History Of Tattoos

One of the most famous stories about the first tattoos comes from the Bible.  There it mentions the story of Cain and God.  Cain committed an irreversible deed upon another and God placed a mark, or tattoo, on him to remind him of his treachery.  While the origin of tattoos should not be tied directly to a particular religion, the story of Cain is a perfect example of how far back the origin of tattoos can be assumed.  For thousands of years people have been branding themselves for religious or even medicinal reasons.  While today they are common place, many years ago at their beginning stages tattoos would have been a rare thing to see on the common person.

Tattoos have long since been used by humans to decorate their bodies.  The earliest tattoos have been found on the Iceman in Europe who dates back to more than 5,200 years old.  However, many of the people of the greatest civilizations of history bore tattoos.  In Southern Siberia scientists found elaborate tattoos of animals and totems on frozen chieftains.  In China, it was common for criminals or slaves to be forced to get tattoos of the word “prisoner” on their face.  Egyptians, part of the most ornate of all civilizations, tattooed designs on their faces, hands, and bodies.  The conclusion can be made that tattoos do not have one single point of origin, at least that we know of today, but instead started at various points of the Earth in different civilizations.

Ancient Tattoo Art

Tattoos have been present in a lot of the largest civilizations that history has ever seen.  From the Egyptians to the Japanese, cultures have taken the use of tattoos to another level and given the practice of tattooing a special significance within their respective traditions and rituals.

  • Egypt: In Egypt, the practice of tattooing was used during rituals as well as during pregnancy as a means of anesthetic.  Many of the patterns were geometric in nature and were either black or blue.  The only ones found to date have been on female mummies, but Egyptian art shows both men and women with tattoos which means it can be assumed both genders received tattoos.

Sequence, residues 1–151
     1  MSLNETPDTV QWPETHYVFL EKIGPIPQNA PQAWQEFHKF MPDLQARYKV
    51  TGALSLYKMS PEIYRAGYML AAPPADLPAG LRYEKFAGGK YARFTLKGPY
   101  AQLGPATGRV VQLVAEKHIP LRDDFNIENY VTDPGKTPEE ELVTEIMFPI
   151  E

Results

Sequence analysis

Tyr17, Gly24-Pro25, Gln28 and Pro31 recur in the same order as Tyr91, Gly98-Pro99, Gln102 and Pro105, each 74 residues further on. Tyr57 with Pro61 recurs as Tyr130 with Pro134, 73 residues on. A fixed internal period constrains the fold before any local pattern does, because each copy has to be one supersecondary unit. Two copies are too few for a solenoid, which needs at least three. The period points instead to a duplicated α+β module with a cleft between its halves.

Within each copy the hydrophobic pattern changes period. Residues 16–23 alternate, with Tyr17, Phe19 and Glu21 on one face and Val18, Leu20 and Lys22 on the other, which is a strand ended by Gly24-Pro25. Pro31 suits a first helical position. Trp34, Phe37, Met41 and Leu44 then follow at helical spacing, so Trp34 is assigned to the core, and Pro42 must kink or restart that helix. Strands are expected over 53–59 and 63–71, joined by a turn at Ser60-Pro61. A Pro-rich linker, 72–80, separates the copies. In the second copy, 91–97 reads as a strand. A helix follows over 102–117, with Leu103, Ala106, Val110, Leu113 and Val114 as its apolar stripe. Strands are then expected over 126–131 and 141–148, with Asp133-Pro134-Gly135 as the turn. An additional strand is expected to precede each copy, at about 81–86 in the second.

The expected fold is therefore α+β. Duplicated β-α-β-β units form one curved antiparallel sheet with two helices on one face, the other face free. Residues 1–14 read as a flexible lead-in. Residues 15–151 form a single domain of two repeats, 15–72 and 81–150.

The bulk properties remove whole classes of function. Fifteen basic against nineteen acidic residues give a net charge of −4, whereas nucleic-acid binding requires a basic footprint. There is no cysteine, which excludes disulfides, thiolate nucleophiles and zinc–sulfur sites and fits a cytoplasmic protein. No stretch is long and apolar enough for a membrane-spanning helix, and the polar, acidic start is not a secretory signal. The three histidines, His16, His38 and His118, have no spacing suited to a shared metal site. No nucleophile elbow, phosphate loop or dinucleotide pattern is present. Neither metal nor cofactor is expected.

• Greece: The Greeks used tattoos for multiple reasons.  During war, they would tattoo prisoners, but they also would use them to send secret messages behind the enemy lines. Slave owners used them to tattoo their slaves as a mark of ownership.  Some of the most famous philosophers of Greece such as Plato believed that thieves and criminals should be branded for their crimes.  Many of the “undesirables” of the area were branded on both the face and body.
  • Japan: The Japanese held tattoos as extremely important within their culture.  A large amount of the Japanese clay figures representing living people had facial tattoos and during the period of 300-600 A.D. tattoos were used as a punishment for the lowest class.  Japan is also home to full body tattoos and the style that is most commonly associated with the culture is the large ornate nature and dragon scenes which became popular in the 19th century.

Tattoos started from humble beginnings, but they have become popular for people of all cultures.  Used as decoration, in ceremonies, and even as medical solutions tattoos have played a big part in the cultures of people.  The future of tattoos looks bright as they are abundant in today’s world and hopefully future generations will be able to see how important they have become in our society.

 

Header Photo:  Some rights reserved by uair01

Body Photo:  Some rights reserved by Tela Chhe

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